Prevalence and risk factors of Helicobacter pylori infection among children in Kuichong Subdistrict of Shenzhen City, China

Jingjing Hu, Xiangyu Wang, Eng Guan Chua, Yongsheng He, Qing Shu, Li Zeng, Shiyang Luo, Barry J Marshall, Aijun Liu, Chin Yen Tay

Research output: Contribution to journalArticle

Abstract

Background: Helicobacter pylori infection is a significant burden to the public health in China as it can lead to various gastric diseases including peptic ulcers and gastric cancer. Since most infections occurred during childhood, it is therefore necessary to understand the prevalence and risk determinants of this bacterial infection in children. Herewith, we conducted a cross-sectional study in the Kuichong Subdistrict of Shenzhen City to assess the prevalence and risk factors of H. pylori infection among children.

Methods: From September 2018 to October 2018, 1,355 children aged 6-12 years from four primary schools in the Kuichong Subdistrict of Shenzhen City were recruited. These children were screened for H. pylori infection using the 13C-urea breath test. In addition, parents were requested to fill out a standardized questionnaire. The chi-square test and multivariable logistic regression analysis were used to identify risk factors for H. pylori.

Results: Among 1,355 children recruited in this study, 226 (16.7%; 95% CI [14.7-18.7]) were positive of H. pylori infection. Multivariable logistic regression analysis identified six factors significantly associated with H. pylori infection children including parent(s) with tertiary education level (OR: 0.64; 95% CI [0.46-0.89]), testing bottle feed temperature using the mouth (OR: 1.79; 95% CI [1.19-2.68]), sharing of cutlery between the feeding person and young children during meals (OR: 1.84; 95% CI [1.22-2.78]), eating fruit after peeling (OR: 2.56; 95% CI [1.4-4.71]), frequent dining out (OR: 3.13; 95% CI [1.46-6.68]) and snacking (OR: 1.43; 95% CI [1.01-2.01]).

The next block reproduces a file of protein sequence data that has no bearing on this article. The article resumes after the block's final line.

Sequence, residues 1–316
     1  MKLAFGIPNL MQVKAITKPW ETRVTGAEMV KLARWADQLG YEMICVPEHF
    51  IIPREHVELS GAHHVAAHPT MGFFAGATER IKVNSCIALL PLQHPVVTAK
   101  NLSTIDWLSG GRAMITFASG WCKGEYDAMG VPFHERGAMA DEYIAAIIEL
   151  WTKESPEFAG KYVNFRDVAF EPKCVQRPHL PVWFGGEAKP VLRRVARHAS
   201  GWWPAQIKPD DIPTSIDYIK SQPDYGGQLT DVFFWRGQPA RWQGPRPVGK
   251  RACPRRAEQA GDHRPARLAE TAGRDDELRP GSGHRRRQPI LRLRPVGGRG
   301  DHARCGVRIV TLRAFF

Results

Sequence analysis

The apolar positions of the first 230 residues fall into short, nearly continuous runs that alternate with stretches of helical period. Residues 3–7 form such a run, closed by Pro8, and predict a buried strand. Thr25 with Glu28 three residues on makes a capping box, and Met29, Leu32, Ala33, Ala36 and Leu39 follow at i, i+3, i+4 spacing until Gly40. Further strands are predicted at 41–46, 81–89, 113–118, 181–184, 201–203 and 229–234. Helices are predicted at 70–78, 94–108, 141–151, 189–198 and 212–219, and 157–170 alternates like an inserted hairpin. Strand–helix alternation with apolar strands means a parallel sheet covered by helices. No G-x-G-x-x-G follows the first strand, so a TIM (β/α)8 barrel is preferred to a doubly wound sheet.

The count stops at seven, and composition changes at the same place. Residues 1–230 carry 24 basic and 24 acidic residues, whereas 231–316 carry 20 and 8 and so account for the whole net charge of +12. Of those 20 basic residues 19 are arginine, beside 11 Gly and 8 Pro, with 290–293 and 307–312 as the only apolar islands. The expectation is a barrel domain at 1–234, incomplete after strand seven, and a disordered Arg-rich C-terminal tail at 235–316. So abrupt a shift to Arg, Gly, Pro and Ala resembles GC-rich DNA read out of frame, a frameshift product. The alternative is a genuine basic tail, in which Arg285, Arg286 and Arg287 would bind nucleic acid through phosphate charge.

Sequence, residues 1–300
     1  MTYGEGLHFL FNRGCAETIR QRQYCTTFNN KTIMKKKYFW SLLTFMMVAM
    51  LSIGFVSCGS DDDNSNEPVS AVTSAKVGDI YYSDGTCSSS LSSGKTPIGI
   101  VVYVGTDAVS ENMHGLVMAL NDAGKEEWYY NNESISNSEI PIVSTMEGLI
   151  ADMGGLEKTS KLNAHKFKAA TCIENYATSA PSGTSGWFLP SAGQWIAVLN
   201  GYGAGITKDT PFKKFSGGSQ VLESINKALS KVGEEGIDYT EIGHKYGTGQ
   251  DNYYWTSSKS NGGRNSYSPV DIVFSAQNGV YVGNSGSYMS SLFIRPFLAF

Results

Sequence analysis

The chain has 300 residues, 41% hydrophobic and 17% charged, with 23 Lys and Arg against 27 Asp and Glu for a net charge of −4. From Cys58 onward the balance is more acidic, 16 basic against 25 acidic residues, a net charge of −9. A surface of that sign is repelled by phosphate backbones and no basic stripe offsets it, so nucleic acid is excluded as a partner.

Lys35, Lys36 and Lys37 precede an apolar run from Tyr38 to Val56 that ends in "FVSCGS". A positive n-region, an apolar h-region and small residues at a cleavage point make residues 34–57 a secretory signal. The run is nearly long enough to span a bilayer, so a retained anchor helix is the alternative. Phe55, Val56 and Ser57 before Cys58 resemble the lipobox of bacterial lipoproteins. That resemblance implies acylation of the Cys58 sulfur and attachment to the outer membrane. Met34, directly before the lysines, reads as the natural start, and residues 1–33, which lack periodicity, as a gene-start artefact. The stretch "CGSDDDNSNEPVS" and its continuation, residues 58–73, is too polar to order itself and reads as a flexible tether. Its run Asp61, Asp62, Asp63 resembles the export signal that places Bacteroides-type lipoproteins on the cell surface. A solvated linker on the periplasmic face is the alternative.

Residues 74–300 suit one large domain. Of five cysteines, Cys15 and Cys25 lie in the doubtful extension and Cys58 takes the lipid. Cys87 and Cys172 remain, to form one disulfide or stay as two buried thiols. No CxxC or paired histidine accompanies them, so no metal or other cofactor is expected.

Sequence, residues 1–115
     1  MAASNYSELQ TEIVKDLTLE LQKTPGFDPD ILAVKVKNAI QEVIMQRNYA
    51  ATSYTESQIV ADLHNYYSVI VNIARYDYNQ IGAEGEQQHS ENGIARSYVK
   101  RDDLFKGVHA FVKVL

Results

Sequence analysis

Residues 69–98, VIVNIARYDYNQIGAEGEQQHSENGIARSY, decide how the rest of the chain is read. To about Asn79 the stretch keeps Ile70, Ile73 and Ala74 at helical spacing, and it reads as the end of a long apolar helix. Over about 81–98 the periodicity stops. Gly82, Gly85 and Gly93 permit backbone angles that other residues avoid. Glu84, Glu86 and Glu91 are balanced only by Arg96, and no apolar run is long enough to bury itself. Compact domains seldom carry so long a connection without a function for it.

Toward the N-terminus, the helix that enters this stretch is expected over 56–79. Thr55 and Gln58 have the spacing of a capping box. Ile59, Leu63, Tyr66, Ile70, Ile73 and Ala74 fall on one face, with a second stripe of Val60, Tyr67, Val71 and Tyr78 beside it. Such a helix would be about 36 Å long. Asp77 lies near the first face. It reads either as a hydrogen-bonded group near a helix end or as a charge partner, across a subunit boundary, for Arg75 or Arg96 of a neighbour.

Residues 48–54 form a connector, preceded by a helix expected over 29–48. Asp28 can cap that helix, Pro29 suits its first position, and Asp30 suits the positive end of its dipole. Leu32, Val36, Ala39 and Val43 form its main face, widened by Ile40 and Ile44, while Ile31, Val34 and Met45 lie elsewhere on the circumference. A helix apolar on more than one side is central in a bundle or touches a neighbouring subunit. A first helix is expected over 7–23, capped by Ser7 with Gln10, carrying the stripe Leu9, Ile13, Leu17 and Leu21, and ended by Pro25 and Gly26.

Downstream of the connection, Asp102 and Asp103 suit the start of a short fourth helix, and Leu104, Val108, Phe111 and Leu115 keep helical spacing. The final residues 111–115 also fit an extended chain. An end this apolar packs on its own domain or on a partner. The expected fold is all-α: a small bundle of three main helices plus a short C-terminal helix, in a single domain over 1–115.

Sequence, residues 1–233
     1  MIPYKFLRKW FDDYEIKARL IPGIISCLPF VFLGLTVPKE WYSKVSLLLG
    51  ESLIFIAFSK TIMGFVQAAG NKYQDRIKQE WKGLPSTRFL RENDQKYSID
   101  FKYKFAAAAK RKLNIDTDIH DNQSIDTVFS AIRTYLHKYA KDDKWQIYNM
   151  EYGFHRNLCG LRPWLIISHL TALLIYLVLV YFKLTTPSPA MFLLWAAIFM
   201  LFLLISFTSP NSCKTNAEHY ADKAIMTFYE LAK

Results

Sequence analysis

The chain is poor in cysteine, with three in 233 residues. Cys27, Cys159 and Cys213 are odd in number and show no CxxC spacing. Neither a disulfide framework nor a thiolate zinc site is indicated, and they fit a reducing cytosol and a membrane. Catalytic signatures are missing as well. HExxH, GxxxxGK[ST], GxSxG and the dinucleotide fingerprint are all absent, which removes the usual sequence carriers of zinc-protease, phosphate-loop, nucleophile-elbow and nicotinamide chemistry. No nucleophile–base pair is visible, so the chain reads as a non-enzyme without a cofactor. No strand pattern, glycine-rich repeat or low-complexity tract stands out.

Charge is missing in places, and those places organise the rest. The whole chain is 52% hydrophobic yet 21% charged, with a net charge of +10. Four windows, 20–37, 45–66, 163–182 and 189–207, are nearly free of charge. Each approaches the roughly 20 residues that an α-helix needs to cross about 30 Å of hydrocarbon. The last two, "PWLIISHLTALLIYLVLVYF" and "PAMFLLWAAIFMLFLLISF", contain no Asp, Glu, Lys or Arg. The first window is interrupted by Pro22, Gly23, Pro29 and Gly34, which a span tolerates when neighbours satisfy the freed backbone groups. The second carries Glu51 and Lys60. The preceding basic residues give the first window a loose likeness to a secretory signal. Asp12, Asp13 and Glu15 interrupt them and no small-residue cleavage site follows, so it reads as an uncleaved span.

Conclusions: Overall, better educated parent(s) played a protective role against the acquisition of H. pylori infection in children. Testing bottle feed temperature using the mouth, cutlery sharing between the feeding person and young children, and snacking posed a lower but significant risk for H. pylori infection. Only eating peeled fruits and frequent dining out were associated with greater infection risks.

Original languageEnglish
Article numbere8878
JournalPEERJ
Volume8
DOIs
Publication statusPublished - 2020

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